Chinese Medicine in Early Communist China, 1945-63: A Medicine of Revolution

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Chinese Medicine in Early Communist China, 1945-63: A Medicine of Revolution, by Kim Taylor. London: RoutledgeCurzon, 2005. xii + 236 pp. £60.00/US$105.00 (hardcover).

How did Chinese medicine, which first partially lost official patronage during the Qing dynasty and then was accused of being a hoary remnant of feudalism, achieve the overwhelming revival it has today? How did therapeutic practice, training and diagnosis evolve under the new, highly politicized state sponsorship of the People's Republic of China? In a book covering the crucial period 1945-63, Kim Taylor explores how Chinese medicine repeatedly transformed itself in order to survive. This ability to be "flexible at the very core of its tenets" positioned Chinese medicine to become "a medicine of revolution" supporting the Communist agenda of societal transformation (p. 4). However, although it was a "medicine of revolution", Taylor emphasizes that Chinese medicine and the practitioners trying to revive and promote it had a reactive role. At each political turn, they scrambled to make Chinese medicine amenable to the upper echelons of the Party. This process was difficult. As policies shifted from one vague Maoist dictate to another, practitioners and policy-makers would discover that they had unintentionally gone astray. High-ranking officials repeatedly intervened to safeguard Chinese medicine, ensuring its continuity. In no case did upper-level endorsement occur because the individual believed in the therapeutic efficacy of Chinese medicine. Rather, officials supported it because of their own wider political agenda and because Chinese medicine tended to be cheaper, with more practitioners available. From the perspective of practitioners and therapeutic practice, the result was an attempt at simplification, codification and top-down control.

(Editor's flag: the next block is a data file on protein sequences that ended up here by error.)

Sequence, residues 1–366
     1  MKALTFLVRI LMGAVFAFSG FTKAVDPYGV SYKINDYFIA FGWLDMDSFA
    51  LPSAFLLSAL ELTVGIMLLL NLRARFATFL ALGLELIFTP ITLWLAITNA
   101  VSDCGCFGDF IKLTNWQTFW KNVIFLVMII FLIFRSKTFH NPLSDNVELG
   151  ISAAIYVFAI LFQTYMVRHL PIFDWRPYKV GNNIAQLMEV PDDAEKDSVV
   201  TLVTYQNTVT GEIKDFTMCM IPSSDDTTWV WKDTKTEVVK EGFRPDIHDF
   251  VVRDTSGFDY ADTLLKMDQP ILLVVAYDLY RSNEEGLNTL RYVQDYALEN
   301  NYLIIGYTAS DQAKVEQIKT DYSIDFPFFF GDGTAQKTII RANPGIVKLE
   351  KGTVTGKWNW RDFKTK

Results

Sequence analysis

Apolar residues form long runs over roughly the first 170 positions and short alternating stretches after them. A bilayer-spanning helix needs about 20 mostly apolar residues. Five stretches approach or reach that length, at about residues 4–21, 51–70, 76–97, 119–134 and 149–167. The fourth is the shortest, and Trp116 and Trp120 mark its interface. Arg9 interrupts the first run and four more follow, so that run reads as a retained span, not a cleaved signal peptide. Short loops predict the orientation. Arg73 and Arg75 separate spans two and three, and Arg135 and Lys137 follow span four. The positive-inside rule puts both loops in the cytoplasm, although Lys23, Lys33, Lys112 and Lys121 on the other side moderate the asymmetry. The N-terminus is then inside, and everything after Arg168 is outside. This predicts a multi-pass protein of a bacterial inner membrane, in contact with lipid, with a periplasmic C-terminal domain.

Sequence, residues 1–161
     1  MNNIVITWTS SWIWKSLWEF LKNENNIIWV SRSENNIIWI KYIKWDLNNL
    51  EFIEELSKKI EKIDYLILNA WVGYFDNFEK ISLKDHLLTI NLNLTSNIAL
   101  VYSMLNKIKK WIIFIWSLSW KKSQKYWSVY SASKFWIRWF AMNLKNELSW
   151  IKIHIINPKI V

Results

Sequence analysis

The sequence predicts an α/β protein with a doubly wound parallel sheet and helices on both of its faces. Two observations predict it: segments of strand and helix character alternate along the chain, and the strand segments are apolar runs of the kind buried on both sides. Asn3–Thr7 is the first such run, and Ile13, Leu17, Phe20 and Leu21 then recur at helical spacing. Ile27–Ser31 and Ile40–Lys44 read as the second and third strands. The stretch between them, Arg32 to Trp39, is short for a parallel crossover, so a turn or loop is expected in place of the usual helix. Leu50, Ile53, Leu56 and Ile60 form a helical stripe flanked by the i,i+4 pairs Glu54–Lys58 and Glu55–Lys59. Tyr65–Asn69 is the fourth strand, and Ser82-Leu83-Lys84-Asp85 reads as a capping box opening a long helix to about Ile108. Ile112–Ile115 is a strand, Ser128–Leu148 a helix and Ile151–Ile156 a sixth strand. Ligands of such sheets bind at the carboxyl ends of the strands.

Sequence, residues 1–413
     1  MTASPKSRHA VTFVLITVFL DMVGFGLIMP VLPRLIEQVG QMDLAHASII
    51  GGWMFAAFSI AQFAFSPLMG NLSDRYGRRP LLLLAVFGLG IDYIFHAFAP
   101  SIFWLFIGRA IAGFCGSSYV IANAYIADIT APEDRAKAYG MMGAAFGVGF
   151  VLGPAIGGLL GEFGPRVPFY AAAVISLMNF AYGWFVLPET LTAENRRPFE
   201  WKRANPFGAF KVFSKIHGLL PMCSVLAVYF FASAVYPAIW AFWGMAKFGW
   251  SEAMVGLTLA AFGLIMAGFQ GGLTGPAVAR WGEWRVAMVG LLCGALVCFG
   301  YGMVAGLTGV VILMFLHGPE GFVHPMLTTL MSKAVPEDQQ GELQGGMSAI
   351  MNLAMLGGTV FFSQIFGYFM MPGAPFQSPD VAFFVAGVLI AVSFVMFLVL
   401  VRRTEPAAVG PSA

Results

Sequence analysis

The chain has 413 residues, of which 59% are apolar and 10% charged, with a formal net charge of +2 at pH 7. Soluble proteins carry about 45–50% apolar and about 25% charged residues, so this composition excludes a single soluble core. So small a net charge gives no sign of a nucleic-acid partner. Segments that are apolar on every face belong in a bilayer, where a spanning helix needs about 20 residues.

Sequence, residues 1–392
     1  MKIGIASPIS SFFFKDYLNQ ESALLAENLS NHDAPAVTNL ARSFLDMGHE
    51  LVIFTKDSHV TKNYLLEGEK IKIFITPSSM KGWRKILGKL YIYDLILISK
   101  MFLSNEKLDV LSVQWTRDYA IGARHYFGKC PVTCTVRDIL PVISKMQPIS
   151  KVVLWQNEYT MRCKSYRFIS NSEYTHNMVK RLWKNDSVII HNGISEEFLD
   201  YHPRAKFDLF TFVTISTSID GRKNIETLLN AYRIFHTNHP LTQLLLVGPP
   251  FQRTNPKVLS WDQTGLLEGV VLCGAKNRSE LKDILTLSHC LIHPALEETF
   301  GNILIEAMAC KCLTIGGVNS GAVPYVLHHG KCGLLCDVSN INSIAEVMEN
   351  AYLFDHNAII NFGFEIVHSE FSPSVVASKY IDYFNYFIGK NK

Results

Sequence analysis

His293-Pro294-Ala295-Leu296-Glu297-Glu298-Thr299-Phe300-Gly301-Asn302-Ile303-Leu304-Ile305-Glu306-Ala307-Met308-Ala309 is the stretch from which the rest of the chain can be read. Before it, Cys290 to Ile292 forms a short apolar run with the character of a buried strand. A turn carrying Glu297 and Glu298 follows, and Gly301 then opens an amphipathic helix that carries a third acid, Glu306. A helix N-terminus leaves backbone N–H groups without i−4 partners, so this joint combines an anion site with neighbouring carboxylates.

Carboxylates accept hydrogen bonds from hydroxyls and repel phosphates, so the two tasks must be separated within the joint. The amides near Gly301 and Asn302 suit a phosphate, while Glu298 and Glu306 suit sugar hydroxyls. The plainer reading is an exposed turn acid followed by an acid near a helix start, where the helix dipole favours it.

Taylor documents the impact of high-level policy and politics on the development of Chinese medicine, utilizing a strictly chronological recounting of events. She includes helpful appendices with the biographies of the first Chinese medical practitioners who staffed the newly established 1955 Chinese medicine research academy and a list of the national Chinese medicine course curricula for 1981 and 1997. She has also constructed an impressive bibliography of articles published by CCP organs on Chinese medical policy. Closely following the framework established by Ralph C. Croizier in his 1968 book, Traditional Medicine in Modern China, Taylor describes three stages marking Chinese medicine's rehabilitation from a supposedly heterogeneous set of superstitions appealing to people living in the countryside to a modern, scientific and systematic set of practices which, according to Chairman Mao, was a "great treasure-house" heralded as China's gift to the world. From 1945 to 1950, practitioners of Western medicine, endorsed by officials as an exemplar of the scientific ideal, were supposed to "cooperate" with Chinese medical practitioners. From 1950 to 1958, the two medicines were supposed to "unify", so that Chinese medicine lost a separate identity and transformed itself into a mirror of Western medical procedures. This was a two-step process: from 1949 to 1953 Chinese practitioners were to learn from Western medicine and from 1953 to 1956 doctors of Western medicine were to learn from Chinese medicine so that they could utilize their scientific thinking to help develop new curricula and techniques. …


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